Ever try and get an Uber at rush hour and find that prices have surged? Or see the price of an Uber change within minutes? Well, thanks to AI and data it’s because the app assumes you’ll pay the surged price. And you know what? We usually do.
As annoying as surge pricing may be to people, Uber knows that you are likely to pay the price at certain times. In fact, Uber even knows what your phone battery is currently and can determine if you are likely to pay or not.
“One of the strongest predictors of whether or not you are going to be sensitive to surge—in other words, whether or not you are going to kind of say, oh, I’ll give it a 10 to 15 minutes to see if surge goes away—is how much battery you have left on your cell phone,” Keith Chen, Uber’s head of economic research said.
In other words, you’re more likely to accept a surge-priced fare, regardless of the price, if your phone’s about to die because you need a ride home immediately, and if your battery’s death is imminent, you can’t afford to wait 15 minutes to see if the price drops down again. Uber knows when its users’ phone batteries are running low because the app switches into power-saving mode. “And we absolutely don’t use that to kind of like push you a higher surge price, but it’s an interesting kind of a psychological fact of human behavior,” Chen said.
What they do act upon to determine price is called Dynamic Pricing. It works through Algorithmic Pricing, which determines what price to deliver based on different variables like your location, time of day, traffic patterns and even your user history with Uber. This data is collected, and the algorithm predicts the top price that you are most likely willing to pay. This “willingness to pay” algorithm can determine how likely you are to agree to the price of the ride at the current time. The results of the determining get incorporated into demand predictions by micro-segments and ultimately determines what price to set the ride at each time.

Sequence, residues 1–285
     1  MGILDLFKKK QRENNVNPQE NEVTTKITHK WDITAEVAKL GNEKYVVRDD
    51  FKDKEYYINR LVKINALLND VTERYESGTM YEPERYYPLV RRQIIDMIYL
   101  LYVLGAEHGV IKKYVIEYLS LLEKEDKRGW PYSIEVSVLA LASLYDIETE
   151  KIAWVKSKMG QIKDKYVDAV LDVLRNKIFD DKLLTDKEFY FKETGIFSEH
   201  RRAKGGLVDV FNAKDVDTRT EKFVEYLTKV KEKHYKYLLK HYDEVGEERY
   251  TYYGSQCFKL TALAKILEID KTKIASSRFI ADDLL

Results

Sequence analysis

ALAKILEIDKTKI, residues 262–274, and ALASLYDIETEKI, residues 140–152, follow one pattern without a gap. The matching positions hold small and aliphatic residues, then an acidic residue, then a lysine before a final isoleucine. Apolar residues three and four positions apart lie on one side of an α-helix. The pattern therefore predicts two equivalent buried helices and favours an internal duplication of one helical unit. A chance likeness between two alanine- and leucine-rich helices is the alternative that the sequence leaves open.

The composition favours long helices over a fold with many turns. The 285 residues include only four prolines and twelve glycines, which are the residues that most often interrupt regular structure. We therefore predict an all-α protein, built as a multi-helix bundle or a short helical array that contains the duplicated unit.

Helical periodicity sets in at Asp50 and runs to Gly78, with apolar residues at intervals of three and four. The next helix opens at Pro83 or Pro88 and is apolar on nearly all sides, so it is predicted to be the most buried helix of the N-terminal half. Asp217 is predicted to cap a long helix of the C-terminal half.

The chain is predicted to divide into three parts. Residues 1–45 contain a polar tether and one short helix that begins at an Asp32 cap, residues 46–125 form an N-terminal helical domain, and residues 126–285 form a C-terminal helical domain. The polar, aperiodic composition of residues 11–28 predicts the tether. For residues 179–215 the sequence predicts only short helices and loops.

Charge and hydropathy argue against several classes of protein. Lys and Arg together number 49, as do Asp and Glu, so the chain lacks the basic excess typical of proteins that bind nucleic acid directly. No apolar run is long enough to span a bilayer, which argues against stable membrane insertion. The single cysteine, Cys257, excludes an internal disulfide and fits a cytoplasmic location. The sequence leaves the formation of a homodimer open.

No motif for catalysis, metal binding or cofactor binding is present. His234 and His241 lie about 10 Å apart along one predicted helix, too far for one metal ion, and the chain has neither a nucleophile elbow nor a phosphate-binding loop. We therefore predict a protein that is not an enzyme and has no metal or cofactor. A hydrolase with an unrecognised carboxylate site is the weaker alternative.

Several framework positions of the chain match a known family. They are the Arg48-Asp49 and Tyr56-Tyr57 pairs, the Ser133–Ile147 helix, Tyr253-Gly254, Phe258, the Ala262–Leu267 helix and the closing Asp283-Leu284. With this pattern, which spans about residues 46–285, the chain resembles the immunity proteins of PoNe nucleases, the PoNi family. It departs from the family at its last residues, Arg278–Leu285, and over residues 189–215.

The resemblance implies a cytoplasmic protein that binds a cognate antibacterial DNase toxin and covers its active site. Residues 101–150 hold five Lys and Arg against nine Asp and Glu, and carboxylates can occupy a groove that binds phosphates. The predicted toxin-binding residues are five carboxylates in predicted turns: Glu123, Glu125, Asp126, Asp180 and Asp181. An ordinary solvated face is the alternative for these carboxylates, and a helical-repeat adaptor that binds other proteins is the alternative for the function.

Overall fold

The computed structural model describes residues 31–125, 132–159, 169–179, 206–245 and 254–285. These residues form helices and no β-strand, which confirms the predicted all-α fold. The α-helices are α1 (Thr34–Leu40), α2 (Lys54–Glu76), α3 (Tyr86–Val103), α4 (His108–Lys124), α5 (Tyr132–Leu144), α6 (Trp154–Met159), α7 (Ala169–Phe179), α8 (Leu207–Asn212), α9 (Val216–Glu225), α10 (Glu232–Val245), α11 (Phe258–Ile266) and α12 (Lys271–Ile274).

Using large quantities of data, AI can also pull from different sources to add to the algorithm such as events, time of day, amount of people requesting rides and more. With pulling in these real-time pricing dynamics, this means that pricing can vary from minute to minute. It can also pull in personal customer data and historical activity to determine how to price the ride. If your online behavior shows a pattern of going certain places and times, it may charge more to your account at those times.
“Uber relies extensively on machine learning (ML) to establish a robust and reliable dynamic pricing system,” said Ivan Didur, CTO & Co-Founder at DataRoot Labs. “With the help of ML, Uber generates a future-aware forecast of multiple conditions of the market and uses a system that is very sensitive to external factors: these factors ultimately include the global news events, weather, historical data, holidays, time, traffic, etc.”
Dynamic pricing allows Uber the ability to change prices efficiently. They can also stay ahead of the competition between taxis and Lyft by collecting data on their current pricing and have the ability to set prices that may lean customers to choose them over another service. This all ties back into your likeliness to pay and this can actually benefit the rider.
Continue reading: https://www.forbes.com/sites/nicolemartin1/2019/03/30/uber-charges-more-if-they-think-youre-willing-to-pay-more/?fbclid=IwAR2q_kr9W7wUeLaHKJo0X9XIl2wJL92FbNHLxYKiY6LqTCW147qNEzz6gKo#46f9c8027365
Nicole Martin is the owner of NR Digital Consulting and host of Talk Digital To Me Podcast. She is a journalist and has worked in several industries digital marketing and strategy.
- “Dynamic pricing allows Uber the ability to change prices efficiently. They can also stay ahead of the competition between taxis and Lyft by collecting data on their current pricing.”